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Moore Problems for the Fed?

Summary:
US President Donald Trump’s intended nominee for the US Federal Reserve Board, Stephen Moore, may end up doing whatever Trump wants, instead of what is best for the economy. Moore’s views on the Fed’s interest-rate policy, and his support for returning America to a gold standard, are disturbing. CAMBRIDGE – One of US President Donald Trump’s two intended nominees to fill vacancies on the US Federal Reserve Board of Governors – Herman Cain – has now withdrawn. Trump’s other potential pick, Stephen Moore, is also under an ethical cloud, and often gets his economic facts wrong. By contrast, Trump’s earlier appointments to the Fed have been sound choices, in particular Jerome Powell, the current chair. Capitalism’s

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US President Donald Trump’s intended nominee for the US Federal Reserve Board, Stephen Moore, may end up doing whatever Trump wants, instead of what is best for the economy. Moore’s views on the Fed’s interest-rate policy, and his support for returning America to a gold standard, are disturbing.

CAMBRIDGE – One of US President Donald Trump’s two intended nominees to fill vacancies on the US Federal Reserve Board of Governors – Herman Cain – has now withdrawn. Trump’s other potential pick, Stephen Moore, is also under an ethical cloud, and often gets his economic facts wrong. By contrast, Trump’s earlier appointments to the Fed have been sound choices, in particular Jerome Powell, the current chair.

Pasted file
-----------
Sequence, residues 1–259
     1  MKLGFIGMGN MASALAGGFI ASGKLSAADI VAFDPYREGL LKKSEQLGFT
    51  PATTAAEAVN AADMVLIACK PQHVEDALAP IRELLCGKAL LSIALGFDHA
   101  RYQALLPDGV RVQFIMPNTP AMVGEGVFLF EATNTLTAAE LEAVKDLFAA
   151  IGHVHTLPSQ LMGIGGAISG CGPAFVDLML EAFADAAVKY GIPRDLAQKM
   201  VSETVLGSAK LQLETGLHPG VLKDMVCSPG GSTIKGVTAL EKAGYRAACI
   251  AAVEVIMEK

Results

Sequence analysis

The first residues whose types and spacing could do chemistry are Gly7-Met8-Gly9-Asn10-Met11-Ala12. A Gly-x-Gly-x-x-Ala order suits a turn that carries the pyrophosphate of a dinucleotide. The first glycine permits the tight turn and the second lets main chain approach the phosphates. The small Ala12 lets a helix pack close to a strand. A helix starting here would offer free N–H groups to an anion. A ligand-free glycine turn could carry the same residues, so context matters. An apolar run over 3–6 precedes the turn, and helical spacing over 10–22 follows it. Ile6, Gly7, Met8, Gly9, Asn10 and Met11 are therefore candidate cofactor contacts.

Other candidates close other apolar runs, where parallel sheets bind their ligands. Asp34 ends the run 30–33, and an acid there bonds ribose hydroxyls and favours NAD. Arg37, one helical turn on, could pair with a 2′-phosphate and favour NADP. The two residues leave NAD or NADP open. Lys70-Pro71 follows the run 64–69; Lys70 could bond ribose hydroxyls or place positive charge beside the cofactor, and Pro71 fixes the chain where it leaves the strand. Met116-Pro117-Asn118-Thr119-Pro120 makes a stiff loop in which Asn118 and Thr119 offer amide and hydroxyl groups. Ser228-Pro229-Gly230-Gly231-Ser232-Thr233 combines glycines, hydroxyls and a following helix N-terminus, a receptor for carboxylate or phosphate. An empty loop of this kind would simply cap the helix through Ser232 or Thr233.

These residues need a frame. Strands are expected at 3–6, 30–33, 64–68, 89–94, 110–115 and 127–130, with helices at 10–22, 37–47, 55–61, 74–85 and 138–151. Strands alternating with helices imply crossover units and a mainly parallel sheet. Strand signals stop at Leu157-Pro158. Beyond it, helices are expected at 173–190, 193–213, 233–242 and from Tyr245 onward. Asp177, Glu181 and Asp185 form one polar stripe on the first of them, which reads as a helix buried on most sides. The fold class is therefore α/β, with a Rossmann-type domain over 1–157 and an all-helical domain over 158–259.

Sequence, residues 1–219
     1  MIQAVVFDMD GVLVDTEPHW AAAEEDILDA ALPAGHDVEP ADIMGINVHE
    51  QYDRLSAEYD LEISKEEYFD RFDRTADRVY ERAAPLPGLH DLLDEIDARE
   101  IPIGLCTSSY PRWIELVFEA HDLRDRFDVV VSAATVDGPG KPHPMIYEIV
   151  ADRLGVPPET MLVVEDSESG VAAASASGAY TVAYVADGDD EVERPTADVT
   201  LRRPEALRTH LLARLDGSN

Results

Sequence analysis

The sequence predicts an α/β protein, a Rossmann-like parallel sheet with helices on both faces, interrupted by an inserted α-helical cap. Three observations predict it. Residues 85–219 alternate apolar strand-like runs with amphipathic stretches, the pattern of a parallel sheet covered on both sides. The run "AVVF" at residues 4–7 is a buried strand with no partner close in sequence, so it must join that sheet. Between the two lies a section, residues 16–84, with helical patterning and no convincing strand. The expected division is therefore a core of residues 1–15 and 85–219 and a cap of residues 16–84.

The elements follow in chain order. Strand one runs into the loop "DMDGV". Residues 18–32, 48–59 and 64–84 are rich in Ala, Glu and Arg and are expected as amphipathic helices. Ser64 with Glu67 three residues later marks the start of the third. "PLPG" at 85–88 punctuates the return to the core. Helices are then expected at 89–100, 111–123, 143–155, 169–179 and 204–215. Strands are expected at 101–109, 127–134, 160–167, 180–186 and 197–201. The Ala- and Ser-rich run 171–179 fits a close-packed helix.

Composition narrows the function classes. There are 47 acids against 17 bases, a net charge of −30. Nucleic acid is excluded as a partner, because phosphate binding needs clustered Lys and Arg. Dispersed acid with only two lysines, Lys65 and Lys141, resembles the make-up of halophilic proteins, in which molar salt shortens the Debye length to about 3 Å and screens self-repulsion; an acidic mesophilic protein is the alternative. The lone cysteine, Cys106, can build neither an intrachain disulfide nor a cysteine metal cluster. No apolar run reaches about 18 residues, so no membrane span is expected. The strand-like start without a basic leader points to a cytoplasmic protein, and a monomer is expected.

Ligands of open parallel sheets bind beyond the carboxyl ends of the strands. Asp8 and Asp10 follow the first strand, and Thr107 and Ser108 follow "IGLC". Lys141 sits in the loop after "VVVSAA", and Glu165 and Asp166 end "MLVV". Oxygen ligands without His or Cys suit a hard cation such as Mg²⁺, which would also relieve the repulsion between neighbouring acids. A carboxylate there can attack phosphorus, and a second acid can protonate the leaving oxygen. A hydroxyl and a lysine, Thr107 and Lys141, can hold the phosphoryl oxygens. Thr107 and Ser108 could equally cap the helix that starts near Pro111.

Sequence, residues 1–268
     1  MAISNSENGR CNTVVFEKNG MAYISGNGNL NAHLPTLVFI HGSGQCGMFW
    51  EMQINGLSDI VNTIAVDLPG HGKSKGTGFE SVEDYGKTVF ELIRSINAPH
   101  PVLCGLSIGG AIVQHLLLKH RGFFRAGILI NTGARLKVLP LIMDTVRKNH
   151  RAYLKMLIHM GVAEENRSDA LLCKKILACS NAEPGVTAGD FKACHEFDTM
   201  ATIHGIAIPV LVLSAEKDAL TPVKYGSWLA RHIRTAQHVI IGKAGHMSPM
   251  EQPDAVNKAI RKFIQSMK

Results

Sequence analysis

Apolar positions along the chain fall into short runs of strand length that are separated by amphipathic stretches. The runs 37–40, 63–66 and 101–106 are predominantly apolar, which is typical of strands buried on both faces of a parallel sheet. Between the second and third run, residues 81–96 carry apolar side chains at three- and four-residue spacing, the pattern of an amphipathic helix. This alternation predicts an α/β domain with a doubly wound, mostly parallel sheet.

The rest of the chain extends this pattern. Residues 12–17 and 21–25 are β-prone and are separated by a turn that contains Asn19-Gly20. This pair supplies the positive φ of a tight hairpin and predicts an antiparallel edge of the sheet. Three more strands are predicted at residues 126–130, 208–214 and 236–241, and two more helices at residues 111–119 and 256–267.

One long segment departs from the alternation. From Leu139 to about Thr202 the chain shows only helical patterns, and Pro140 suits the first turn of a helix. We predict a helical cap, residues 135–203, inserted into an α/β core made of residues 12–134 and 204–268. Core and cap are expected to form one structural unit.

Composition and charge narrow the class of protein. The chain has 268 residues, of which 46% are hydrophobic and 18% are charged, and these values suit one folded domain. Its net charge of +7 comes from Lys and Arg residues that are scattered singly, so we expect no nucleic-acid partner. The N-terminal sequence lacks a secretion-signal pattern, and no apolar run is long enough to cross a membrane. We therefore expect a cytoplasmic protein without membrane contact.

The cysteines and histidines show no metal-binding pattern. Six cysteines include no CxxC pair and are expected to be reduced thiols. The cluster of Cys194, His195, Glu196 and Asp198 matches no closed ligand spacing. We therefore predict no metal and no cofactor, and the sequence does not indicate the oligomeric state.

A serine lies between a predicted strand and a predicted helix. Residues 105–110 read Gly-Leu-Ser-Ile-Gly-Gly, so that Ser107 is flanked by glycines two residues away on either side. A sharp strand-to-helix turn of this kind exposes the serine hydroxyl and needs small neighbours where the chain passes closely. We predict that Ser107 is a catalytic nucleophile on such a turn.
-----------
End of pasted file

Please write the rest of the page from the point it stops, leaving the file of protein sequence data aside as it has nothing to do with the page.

Although Moore lacks an economics PhD, that is not a reason to oppose him. Fed appointees have long included people with business experience. Powell, for example, does not have one, either.

The big worry, however, is that Moore would be a Trump crony who does whatever the president wants, rather than what is best for the economy. Moreover, Moore’s views on the Fed’s interest-rate policy, and his support for returning America to a gold or commodity standard, are disturbing.

Moore has favored pro-cyclical monetary policy – opposing stimulus when the economy needed it, and favoring stimulus when it was not required. When the Fed sought to boost the US economy in response to the 2007-2009 recession, Moore initially raised the specter of hyperinflation, and

Jeffrey Frankel
Jeffrey Frankel, a professor at Harvard University's Kennedy School of Government, previously served as a member of President Bill Clinton’s Council of Economic Advisers. He directs the Program in International Finance and Macroeconomics at the US National Bureau of Economic Research, where he is a member of the Business Cycle Dating Committee, the official US arbiter of recession and recovery.

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